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☑️ Notice the doing  

Mindful awareness practice can sound like one more thing to add to your to-do list. This shifts, however, when you realize it's actually a capacity-building habit that can change how you do what's already on your list.

You don't accomplish mindfulness. You practice applying it.

Mindfulness is the natural capacity you have for noticing what you're doing. It's a mode of attention that's in contrast to doing tasks on autopilot or adding internal friction to them. 

I can unconsciously bear down inside as I unload the dishwasher or I can feel the heat spill out as I open the door, hear the plates clink as I stack them, and observe the resentment I feel without trying to push it away. 

Mindfulness isn't better than autopilot, but it's liberating to exercise your options for how you relate to your life while you're living it.    

I value my body's ability to walk and breathe and swallow without needing to stay on top of every detail all the time.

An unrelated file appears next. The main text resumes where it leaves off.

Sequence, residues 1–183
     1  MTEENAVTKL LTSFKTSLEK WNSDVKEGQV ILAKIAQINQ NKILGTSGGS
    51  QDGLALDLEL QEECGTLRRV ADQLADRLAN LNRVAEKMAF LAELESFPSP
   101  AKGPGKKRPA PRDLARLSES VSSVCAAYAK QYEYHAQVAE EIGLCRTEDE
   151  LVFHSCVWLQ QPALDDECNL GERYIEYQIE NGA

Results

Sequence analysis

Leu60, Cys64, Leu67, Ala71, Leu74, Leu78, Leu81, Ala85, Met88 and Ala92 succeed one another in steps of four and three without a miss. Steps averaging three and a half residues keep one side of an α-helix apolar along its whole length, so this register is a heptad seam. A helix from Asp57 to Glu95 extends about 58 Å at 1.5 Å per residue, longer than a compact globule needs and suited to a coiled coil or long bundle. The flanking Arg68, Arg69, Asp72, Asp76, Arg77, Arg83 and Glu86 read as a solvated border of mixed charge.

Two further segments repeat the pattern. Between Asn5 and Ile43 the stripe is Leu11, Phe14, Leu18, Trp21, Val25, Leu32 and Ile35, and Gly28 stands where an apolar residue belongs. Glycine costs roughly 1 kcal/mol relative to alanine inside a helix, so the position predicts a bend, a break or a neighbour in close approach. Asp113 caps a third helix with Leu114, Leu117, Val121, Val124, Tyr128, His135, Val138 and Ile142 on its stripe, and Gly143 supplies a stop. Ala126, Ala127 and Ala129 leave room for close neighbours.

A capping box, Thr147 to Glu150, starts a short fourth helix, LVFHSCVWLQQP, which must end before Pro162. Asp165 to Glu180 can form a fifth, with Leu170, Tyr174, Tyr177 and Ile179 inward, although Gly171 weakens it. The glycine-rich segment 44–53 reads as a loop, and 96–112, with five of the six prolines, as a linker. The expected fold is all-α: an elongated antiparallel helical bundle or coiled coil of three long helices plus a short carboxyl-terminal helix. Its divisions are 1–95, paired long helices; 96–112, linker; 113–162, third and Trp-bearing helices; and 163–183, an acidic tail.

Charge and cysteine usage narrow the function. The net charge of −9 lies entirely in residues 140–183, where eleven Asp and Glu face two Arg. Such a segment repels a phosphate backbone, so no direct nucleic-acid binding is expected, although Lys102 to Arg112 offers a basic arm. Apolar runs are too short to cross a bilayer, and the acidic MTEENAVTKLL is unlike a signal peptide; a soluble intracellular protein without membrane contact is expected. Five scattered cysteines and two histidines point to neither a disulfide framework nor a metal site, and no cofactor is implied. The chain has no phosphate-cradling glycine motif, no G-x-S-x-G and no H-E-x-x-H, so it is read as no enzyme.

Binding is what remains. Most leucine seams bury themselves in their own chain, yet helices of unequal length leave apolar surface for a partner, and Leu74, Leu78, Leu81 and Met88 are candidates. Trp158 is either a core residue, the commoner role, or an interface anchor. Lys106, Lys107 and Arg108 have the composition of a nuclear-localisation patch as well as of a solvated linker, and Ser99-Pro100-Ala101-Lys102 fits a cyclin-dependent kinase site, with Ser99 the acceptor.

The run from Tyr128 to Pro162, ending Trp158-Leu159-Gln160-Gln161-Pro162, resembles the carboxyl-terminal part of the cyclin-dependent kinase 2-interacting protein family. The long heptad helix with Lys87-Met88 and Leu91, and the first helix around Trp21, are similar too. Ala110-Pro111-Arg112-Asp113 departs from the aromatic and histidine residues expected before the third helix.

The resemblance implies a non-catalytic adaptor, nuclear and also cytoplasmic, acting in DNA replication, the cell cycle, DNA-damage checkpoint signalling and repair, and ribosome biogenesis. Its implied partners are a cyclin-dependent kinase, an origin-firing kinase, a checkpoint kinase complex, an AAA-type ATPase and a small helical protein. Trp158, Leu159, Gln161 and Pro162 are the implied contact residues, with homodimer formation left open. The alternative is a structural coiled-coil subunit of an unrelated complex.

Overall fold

I run into problems, however, if I never suspend cruise-control mode and never practice easing up inside when I feel the pressure to barrel through my responsibilities. 

Some moments are physically uncomfortable. Some decisions don't have clear best options. Some feelings fuel thoughts that keep looping because I don't know how else to relate to what is beyond my control. 

Each time we switch from autopilot to direct awareness mode, we train the ability to inhabit our lives more fully, regardless of the circumstances—and it doesn't require allocating extra time to practice. 

  1. Pick a task from your existing to-do list. 
  2. Notice various sensory details while you're carrying it out. 
  3. Let thoughts and feelings play out in the background of your awareness. You don't need to try to get rid of them. If it's a task that involves thinking or talking, you can try to keep a small percentage of your attention grounded in physical sensations.  

It takes a while to remember to bring this kind of attention to a task or two each day, but if you're patient with yourself, you'll gradually begin to remember more often.

Of course, you can also add formal timed mindfulness to your to-do list if you want. A lot of people do this—including me—because it supports our efforts to bring more direct awareness into our lives. 

Whatever you decide to experiment with, give it a few weeks, months, or years to see if you begin to notice:

  • a little less internal friction
  • a little more richness lurking in ordinary moments